The New Plan to Get More Americans into the Tour de France
A paltry few Americans race the Tour de France these days—despite the fact that junior bike racing is booming on this side of the Atlantic. A new plan aims to shift America’s Tour participation into high gear.
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This story appeared in the June/July issue of Outside Magazine.
American cyclist Matteo Jorgenson can trace his participation in this year’s men’s Tour de France back to an email he sent in the winter of 2017. Jorgenson was 18 years old at the time, a top racer in the U.S. junior cycling ranks, the sport’s version of Little League baseball. He sought a career in cycling’s highest echelon, the WorldTour, but big-league teams showed little interest in him. So Jorgenson spent several months emailing squads in Europe’s development scene asking for a job.
“Every day I’d try to write three emails after my training rides, because I was trying really hard to market myself,” Jorgenson told me this spring as he was preparing for the Tour. “I was spending an hour on each.”
One finally generated a lead. After notching an impressive racing result in France with the U.S. national team, Jorgenson messaged a French squad that employs 19-to-22-year-old riders, a development category called espoir (French for “hope”) in cycling terminology. He received a reply in broken English, and a few days later Jorgenson met with the team’s director. Jorgenson spoke little French and the director spoke hardly any English, but they found ways to hash out a deal. The director offered Jorgenson a job for the following season. All he needed to do was learn French and then relocate from his home in Boise, Idaho, to a village in the Alps, to continue his career. Jorgenson didn’t hesitate. He said yes.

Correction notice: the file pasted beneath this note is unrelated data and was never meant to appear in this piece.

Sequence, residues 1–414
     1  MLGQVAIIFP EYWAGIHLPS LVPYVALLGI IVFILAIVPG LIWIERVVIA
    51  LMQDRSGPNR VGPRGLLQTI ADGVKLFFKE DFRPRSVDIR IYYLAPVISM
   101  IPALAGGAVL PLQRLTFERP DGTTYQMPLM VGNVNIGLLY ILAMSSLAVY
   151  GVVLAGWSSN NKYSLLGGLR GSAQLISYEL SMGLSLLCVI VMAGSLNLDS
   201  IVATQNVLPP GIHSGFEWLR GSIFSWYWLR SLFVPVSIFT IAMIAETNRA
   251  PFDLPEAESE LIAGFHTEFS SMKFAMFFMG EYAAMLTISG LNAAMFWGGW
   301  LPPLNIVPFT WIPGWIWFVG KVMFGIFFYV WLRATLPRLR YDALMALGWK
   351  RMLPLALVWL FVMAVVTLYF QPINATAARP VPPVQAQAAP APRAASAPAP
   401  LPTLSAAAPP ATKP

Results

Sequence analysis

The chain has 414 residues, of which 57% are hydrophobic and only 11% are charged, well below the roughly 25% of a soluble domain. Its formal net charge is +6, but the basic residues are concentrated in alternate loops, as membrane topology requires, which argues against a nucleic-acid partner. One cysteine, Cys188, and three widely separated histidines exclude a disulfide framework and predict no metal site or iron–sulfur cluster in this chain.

Now 24 and one of America’s top Tour de France riders, Jorgenson says the email and meeting changed his life. In France, he blossomed into a top racer in the espoir category and became fluent in French; after two seasons, he was hired by a Spanish WorldTour squad called Team Movistar. In 2022 he made his debut at the Tour de France. “I was completely driven for one goal, which was to get to the WorldTour, and I pursued just about every avenue I could,” Jorgenson says. “I honestly don’t know if everyone is cut out for that.”
Jorgenson’s tale illustrates the arcane professional pathway that many American cyclists follow to try and reach the Tour these days. A paltry few are strong enough to enter the WorldTour straight from the junior ranks. Those left behind either quit, burn out, or attempt to navigate a confusing network of European developmental leagues. It’s a career track that requires both persistence and luck—in addition to strong legs and lungs. It’s also a journey that explains why so few Americans ever reach the Tour de France.
The development path for Americans has gotten tougher in recent years, due to the rapid disappearance of America’s own professional road cycling circuit. But new investment from the sport’s national federation, USA Cycling, and from WorldTour teams, could make things easier for future generations.
Jorgenson says he tells aspiring American pros that the ascent to the Tour begins with a major life decision. “My general advice is to move to Europe and start racing as soon as you can,” he says. “It’s the only way you can show yourself in the races that matter and hopefully get picked up by a team.”
More Kids on Bikes, Fewer Americans at the Tour
Americans have always been the minority at the Tour de France, even during the eras of Greg LeMond and Lance Armstrong. The most to ever start the race is ten, which occurred twice: in 1986 (when there were a total of 209 total riders) and 2011 (when there were 198). Even when they were winning—and more than a few American victories were erased due to doping—U.S. riders were few and far between. American participation has actually waned since the eras of Lance and LeMond: just three raced it in 2019, 2020, and 2021, before a dramatic uptick in 2022 to seven (seven!) riders. In 2023, six riders started the race. (By contrast, France often serves up more than 40.) Women’s participation has been equally slim: six Americans (of 144 riders) raced the inaugural women’s Tour in 2022.